The Government has established nine working groups with 15 countries and high-level dialogues to explore how to best progress trade and investment relationships. But for many businesses, the main priority will be ensuring that they do not lose the trade with the European Union countries, which forms such a major part of their market currently. Brexit Secretary David Davis suffered an early negotiating blow this week, having to concede to the EU’s demands that issues such as the ‘divorce bill’ and the rights of EU migrants in the UK be settled before moving onto a future trading relationship. With the DUP this week taking aim at the lack of negotiating experience in Government, we could be in for a bumpy ride.

The Immigration Bill

This is another piece of legislation that is likely to prove controversial. It will allow the Government to end the free movement of EU nationals and bring this into line with UK law. The Government have said that it wants “the flexibility to create a fair and sustainable immigration system,” which allows ministers to control the number of people coming to the UK – but the overall net migration target is not mentioned, and it doesn’t specify whether the Bill will include some of the more controversial Conservative manifesto pledges – such as increasing to £25,000 the minimum income before people are allowed to bring their spouse to the UK.

While there is likely to be strong public support for limiting migration, businesses may not be so pleased. Research from the Resolution Foundation has found that almost half of firms expect there will either be no change to migration rules, or that freedom of movement will continue for those with a job offer – while two thirds have said that the maintenance of the status quo (or something close to it) would be better for business. But despite pressure from Tory ‘remainers’ such as Ruth Davidson and Philip Hammond for a ‘jobs first Brexit,’ the Government seems likely to press on for the moment at least.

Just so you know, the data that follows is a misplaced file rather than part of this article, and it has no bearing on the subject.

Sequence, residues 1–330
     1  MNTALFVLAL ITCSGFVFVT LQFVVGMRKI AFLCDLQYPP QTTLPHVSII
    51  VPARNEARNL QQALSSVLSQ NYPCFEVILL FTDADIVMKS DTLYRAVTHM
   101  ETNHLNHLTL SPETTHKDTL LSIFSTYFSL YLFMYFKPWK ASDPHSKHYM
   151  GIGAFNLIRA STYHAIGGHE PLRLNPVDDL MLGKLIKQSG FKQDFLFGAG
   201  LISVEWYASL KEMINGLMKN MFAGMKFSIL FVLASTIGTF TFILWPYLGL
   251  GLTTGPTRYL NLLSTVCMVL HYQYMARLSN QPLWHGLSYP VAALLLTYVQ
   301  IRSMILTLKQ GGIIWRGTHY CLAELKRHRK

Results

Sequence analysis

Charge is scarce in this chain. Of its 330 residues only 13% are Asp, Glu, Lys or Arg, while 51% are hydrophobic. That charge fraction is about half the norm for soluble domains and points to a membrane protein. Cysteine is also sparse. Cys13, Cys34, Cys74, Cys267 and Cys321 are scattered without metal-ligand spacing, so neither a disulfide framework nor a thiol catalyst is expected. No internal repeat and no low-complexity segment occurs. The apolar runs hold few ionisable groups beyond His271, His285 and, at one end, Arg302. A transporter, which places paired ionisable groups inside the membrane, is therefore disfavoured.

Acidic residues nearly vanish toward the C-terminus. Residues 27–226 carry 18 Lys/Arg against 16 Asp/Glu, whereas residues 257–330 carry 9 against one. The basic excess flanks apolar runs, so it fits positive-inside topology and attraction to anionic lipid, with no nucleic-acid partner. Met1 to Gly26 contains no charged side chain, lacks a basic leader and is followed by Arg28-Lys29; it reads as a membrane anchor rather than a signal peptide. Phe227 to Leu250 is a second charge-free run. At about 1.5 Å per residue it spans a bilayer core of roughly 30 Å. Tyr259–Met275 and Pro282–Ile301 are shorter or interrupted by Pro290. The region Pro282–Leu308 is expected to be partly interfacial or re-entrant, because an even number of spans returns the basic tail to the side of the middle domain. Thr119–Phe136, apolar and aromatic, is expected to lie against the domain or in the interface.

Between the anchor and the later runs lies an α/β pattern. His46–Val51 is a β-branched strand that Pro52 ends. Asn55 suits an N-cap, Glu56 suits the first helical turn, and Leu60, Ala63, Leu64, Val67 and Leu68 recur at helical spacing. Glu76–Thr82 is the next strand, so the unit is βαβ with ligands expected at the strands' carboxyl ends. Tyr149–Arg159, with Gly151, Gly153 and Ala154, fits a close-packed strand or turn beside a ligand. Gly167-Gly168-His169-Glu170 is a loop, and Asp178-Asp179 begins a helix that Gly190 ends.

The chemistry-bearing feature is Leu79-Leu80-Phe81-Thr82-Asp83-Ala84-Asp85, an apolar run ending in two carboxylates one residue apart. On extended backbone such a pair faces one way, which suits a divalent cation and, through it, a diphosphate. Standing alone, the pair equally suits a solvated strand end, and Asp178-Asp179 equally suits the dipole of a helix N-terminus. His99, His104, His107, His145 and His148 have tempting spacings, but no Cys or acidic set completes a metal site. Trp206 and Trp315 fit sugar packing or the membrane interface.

The Agriculture and Fisheries Bills

These two Bills are likely to provide significant challenges for Defra over the next couple of years. The aim will be to enable the UK to control access to its waters and set its own fishing quotes and provide stability to farmers as we leave the Common Agricultural Policy. Fishing and farming have been two of the most controversial areas for the EU and replacing the current systems with UK versions won’t be an easy task for new Defra Secretary Michael Gove. The need to “consult widely” with the devolved Governments over new systems will also create some additional headaches. Perhaps Theresa May thought it would be a good way to keep Gove busy?

The Queen’s Speech also contains Brexit related Bills on nuclear safeguards and international sanctions. The timetable isn’t clear yet, but the extended parliamentary session suggests that they may be spaced out over this period.

The most interesting question is whether the Conservatives will still be able to pass the kind of Brexit the want. As Theresa May is seeking to secure a confidence and supply deal with the DUP, rather than a formal coalition, she will not be guaranteed a majority to pass any of this legislation.  Rather this will depend on being able to secure the DUP’s support – or that of other parties – for each Bill and avoiding significant number of rebels on her own side. While Labour’s manifesto also accepted that Brexit would happen, there is pressure growing within both the Conservative Party and the Labour Party for a softer Brexit which focuses on jobs (or even stays in the Single Market) – so it seems that there is all to play for with the kind of Brexit we end up getting.